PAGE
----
(Closed) Dealing with a Rare Disease

posted 4 years ago in Wellness
Post # 3
2612 posts
Sugar bee
  • Wedding: May 2014 - Madison, WI

A very good friend of mine has struggled for years with a rare disease. She went through years of being un diagnosed and misdiagnosed, then saw specialist after specialist. She now after years has a dedicated team of specialists at one hospital. She goes there for everything. If she goes into an ER they normally don’t even know what to do for her, so unless it’s life threatening she has to wait it out and see her specialists. 

Because her disease effects pretty much everything she no longer sees a GP. I’ve seen her go through what was a long and difficult process. The sooner you’re able to find a doctor who can adequately treat you and knows what to try and what might work for you the better. 

Post # 5
286 posts
Helper bee
  • Wedding: June 2014

My youngest sister has a rare form of anemia  for about 2 years she saw Dr after Dr And nobosy knew what to do. I think what helped her most was the fact she was surrounding her with love and she knew no matter the outcome  she would never be alone.  At 13 she basically had to stop all activity. Which is hard for a kid that age. Now things are better and she is a floor gymnast. She still can’t do contact but she puta her heart and soul into what she can do. I admire her so much for her strength and her ability to laugh through it all.

Post # 6
2183 posts
Buzzing bee

@AB Bride:  We have a rare disease in the family that is unfortunately unable to be diagnosed via genetic testing and may or may not develop with age. So far there is only one person we know has it for sure.

Generally we’ve been the ones doing our research, reading papers from scientific journals, and informing GP’s. Everyone in my immediate family is in in science/healthcare, so we’re not strangers to reading scientific papers. We see specialists as much as we can, and obviously they know more information about their specialty than GP’s do. Honestly, we’ve done enough research that the things specialists have told us generally have not been news for us. I think it’s very important for individuals to be their own healthcare advocates as much as possible.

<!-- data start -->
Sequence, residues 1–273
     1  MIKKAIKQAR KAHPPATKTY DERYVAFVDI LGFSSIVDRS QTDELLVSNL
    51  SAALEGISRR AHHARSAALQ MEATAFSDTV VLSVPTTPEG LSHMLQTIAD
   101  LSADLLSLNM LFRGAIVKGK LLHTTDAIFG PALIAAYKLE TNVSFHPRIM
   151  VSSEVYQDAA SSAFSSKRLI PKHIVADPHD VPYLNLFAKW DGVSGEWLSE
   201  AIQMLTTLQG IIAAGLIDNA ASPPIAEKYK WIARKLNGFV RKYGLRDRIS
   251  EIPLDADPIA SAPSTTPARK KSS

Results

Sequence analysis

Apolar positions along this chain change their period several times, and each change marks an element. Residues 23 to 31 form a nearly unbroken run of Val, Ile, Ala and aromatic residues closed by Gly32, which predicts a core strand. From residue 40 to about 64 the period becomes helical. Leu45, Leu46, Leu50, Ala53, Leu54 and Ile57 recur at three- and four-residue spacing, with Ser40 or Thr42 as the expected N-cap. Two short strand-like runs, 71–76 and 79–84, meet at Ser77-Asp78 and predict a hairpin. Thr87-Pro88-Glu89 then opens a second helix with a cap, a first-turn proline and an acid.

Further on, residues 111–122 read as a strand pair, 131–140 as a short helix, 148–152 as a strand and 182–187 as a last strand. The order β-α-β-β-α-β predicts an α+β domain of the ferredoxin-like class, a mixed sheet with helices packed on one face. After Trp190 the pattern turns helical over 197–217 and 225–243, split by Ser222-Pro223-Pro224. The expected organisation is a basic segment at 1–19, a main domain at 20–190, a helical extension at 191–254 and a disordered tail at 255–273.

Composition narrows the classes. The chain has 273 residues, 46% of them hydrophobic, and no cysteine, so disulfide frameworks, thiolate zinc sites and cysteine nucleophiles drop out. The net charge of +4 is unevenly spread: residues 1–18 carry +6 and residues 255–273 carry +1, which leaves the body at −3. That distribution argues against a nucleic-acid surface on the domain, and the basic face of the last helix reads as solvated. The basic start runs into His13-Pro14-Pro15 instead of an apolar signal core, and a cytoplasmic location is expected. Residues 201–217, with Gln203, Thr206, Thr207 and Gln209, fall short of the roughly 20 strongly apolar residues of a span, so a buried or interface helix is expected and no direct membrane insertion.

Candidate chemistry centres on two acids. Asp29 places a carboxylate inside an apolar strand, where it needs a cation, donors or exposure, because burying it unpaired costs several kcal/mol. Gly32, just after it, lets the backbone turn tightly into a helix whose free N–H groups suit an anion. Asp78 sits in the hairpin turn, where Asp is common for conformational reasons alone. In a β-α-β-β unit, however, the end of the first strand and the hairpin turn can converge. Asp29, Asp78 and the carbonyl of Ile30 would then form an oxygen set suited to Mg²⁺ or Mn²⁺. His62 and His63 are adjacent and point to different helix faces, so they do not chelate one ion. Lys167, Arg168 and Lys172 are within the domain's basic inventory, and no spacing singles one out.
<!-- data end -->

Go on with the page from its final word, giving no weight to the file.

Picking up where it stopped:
Post # 7
3555 posts
Sugar bee
  • Wedding: August 2014

I have a respiratory condition that is very commonly mis-diagnosed as asthma. For years my asthma doctor refused to consider another diagnosis and continued to up my meds which made me sicker and sicker. At the age of 19 I couldn’t climb a single flight of stairs without losing my breath, I was beyond frustrated. I went and got a second opinion which officially un-diagnosed me with asthma, but couldn’t figure out what was wrong with me. After spending quite some time trawling journal articles I figured out what was wrong with me. I didn’t get officially diagnosed until a year ago though when an episode landed me in the ER and they stuck a camera down my throat to see what was going on. It wasn’t a very helpful diagnosis though, as there is no treatment, but at least it’s not life threatening, it just pretty much prevents me from doing any kind of aerobics.

The best thing to do is know as much as you can, and to be your own advocate. You know your body best, and if what the doctor is telling you doesn’t mesh with what you are experiencing keep asking questions.

Post # 8
1272 posts
Bumble bee
  • Wedding: January 1994

Yes. I experience this myself. It is difficult to live with. Try and find a support group of some sort of other people who have a similar issue. It might be helpful. I found several groups on facebook. Maybe you can too?

Post # 10
3555 posts
Sugar bee
  • Wedding: August 2014

@AB Bride:  ugh that has to muddle things. Good luck, I hope you get some answers and can start feeling better soon.

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